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Arnold Schwarzenegger may be sitting out California’s recall campaign, but Hollywood and other constituencies ought to take a second look at some of their own leaders.

To the Washington and New York media elite, California’s recall process is a political fiasco. It’s expensive, capricious and could easily turn into a nasty habit. No wonder Arnold Schwarzenegger doesn’t want to run for governor: He knows he could be recalled a year from now. If the voters start playing games with “The Terminator,” politics would become even more surreal.

I’d argue that the Eastern elitists ignore the positive elements of the recall process: It energizes a bored electorate. It permits politicians to continue doing the only thing they’re good at — running for office.

In fact, serious thought should be given to extending the recall process to other institutions, such as corporations, government agencies and even movie studios. Consider some potential candidates for recall movements:

Michael Powell: Clumsy and aloof, the FCC chairman has managed to antagonize every side of the deregulation issue. His own commissioners feel he shut off debate. Congress is so pissed off, it’s voted to scale back his proposals, perhaps forcing Sumner Redstone and Rupert Murdoch to sell or swap some of their TV stations. So now Powell’s mentors in the media community also want his scalp. It’s definitely time for a recall.

Jean-Rene Fourtou: The Frenchman who presides over Vivendi has created such a web of confusion in running his so-called “auction” for Universal that no one knows where he stands. Now Fourtou has suddenly revealed he wants $14 billion to $15 billion for his assets, which is more than anyone apparently wants to spend. He’s thus told Marvin Davis to get lost, and denigrated Kirk Kerkorian for offering a puny $11.5 billion. Vivendi’s shareholders, already shocked by the monies dispensed to Jean-Marie Messier, may find themselves without any credible bidders. Time to think about a recall, it seems to me, before Vivendi becomes French toast.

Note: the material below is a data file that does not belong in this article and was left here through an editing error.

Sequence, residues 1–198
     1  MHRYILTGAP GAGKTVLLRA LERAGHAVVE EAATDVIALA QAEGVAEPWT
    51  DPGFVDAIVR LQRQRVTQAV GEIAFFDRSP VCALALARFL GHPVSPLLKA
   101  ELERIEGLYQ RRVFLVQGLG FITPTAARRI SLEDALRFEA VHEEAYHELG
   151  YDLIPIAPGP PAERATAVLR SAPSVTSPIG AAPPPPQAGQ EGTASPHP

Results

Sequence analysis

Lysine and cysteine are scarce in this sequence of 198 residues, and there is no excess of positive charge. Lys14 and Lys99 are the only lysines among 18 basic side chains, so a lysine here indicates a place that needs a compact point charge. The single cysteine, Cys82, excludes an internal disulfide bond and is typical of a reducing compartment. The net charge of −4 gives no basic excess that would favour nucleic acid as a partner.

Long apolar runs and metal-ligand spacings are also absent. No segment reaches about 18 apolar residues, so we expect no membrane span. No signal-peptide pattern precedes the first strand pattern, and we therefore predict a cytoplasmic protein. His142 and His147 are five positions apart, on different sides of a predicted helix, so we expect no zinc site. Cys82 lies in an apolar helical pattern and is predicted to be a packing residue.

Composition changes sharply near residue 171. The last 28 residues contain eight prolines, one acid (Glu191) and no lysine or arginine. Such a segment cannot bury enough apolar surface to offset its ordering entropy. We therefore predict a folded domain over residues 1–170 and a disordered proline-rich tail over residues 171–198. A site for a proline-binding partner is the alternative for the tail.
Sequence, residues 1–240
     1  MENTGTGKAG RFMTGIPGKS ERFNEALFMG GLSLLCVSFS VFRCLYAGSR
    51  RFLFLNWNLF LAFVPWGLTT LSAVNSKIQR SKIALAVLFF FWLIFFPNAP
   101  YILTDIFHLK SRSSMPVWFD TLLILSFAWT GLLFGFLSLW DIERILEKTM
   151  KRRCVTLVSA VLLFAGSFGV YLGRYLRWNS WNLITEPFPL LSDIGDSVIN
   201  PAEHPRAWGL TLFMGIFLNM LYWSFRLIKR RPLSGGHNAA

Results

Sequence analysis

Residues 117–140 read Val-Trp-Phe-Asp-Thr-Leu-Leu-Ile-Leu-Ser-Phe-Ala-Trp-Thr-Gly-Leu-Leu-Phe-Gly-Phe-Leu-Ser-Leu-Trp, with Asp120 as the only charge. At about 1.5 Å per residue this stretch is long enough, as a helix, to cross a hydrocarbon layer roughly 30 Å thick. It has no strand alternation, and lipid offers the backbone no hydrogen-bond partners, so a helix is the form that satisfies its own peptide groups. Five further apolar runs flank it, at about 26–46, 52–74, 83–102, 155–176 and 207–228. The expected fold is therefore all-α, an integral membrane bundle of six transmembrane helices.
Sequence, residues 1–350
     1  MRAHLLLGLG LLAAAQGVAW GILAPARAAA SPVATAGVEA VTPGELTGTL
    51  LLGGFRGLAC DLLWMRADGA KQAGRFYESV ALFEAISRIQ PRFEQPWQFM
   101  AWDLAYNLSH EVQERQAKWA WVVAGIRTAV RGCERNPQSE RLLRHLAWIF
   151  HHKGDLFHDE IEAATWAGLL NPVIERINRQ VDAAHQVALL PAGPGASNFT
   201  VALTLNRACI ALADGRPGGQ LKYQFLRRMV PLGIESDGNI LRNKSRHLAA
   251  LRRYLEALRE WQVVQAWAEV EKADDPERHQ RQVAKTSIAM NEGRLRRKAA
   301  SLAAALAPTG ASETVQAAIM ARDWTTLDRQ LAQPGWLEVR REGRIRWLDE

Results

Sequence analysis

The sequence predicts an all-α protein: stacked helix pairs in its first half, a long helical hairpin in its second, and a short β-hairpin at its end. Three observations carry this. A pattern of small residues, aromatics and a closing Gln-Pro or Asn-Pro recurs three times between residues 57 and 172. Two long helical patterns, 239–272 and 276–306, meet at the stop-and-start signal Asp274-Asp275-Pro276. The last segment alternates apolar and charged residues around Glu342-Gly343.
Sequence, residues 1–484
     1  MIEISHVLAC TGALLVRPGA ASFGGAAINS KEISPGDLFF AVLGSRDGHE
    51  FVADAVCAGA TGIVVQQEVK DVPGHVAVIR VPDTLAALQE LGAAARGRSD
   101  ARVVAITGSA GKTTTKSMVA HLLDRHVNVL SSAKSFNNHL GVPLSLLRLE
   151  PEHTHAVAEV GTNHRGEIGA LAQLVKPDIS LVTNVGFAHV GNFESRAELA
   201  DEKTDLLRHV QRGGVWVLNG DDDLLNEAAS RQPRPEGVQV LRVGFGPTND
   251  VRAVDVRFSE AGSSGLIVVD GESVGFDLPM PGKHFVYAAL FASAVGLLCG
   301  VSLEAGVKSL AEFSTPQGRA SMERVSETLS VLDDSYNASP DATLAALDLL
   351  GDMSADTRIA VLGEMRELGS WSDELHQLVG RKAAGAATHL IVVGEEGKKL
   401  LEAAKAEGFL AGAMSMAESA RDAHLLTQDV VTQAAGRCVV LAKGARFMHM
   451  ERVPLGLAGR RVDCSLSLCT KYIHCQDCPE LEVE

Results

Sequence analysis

Steve Jobs: The fiercely effective chief of Pixar continues to do everything he can to embarrass the Hollywood establishment. While DreamWorks sinks with “Sinbad,” Pixar mints money with “Finding Nemo.” Mindful that Disney itself is nervous about its inhouse animated projects, Jobs is sticking it to Michael Eisner by re-inventing Pixar’s distribution deal at Disney. The precise terms of Jobs’ proposal have been kept secret, but two elements have emerged: First, Pixar will divert most of the revenue stream to its own coffers, affording Disney a modest distribution fee. Second, the new deal will encompass the two pictures Eisner feels should fall under the old arrangement. Provisions of this sort run counter to every precept of Eisnerian logic, which makes Jobs very happy — and may prompt Eisner to start a recall movement.

Woody Allen: No successful recall effort has ever been launched against a film director, but Woody always liked setting precedents. As his audience continues to narrow, Woody has all but run out of companies willing to distribute his films. In the most illustrious example, Woody released a picture at Sony called “Husbands and Wives” to coincide with his nightmare breakup with Mia Farrow and her myriad offspring. The prospective cast of his first effort at Fox Searchlight illuminates the old cliché that trouble loves company: Robert Downey Jr. will co-star with Winona Ryder. Surely, the prospective insurers already are looking for their aspirin. Will his new distributor shout “recall” even before Woody can say “action”?

Roberto Benigni: Only two individuals have won acting Oscars for films that they also directed, Olivier and Benigni. Had Olivier caught “Pinocchio,” I think he would have disassociated himself from that shared honor. Benigni clearly gives exuberant acceptance speeches, but his directing talents have suffered from ego-arrest. Not only does he face a possible recall, but so does his Oscar.

Frank Pierson: The choice of this venerable and good-spirited filmmaker to become king of the Academy was cheered by its members, but Frank the Benevolent seems to have become Frank the Ferocious. Academy voters facing the upcoming Oscar race wonder whether their invitation lists for dinners or cocktail parties will be scrutinized by the new Oscar police or whether memberships will be canceled because of violations of fuzzy rules. The switch to an earlier date for the Oscar telecast itself seems likely to help the Golden Globes more than the Academy. Is it time for a recall?

Of course, the recall process itself may prove over time to be a specious device. After all, it enables voters, shareholders or other random employees to change their minds — a precept clearly out of sync with the stolid mood of Bush America.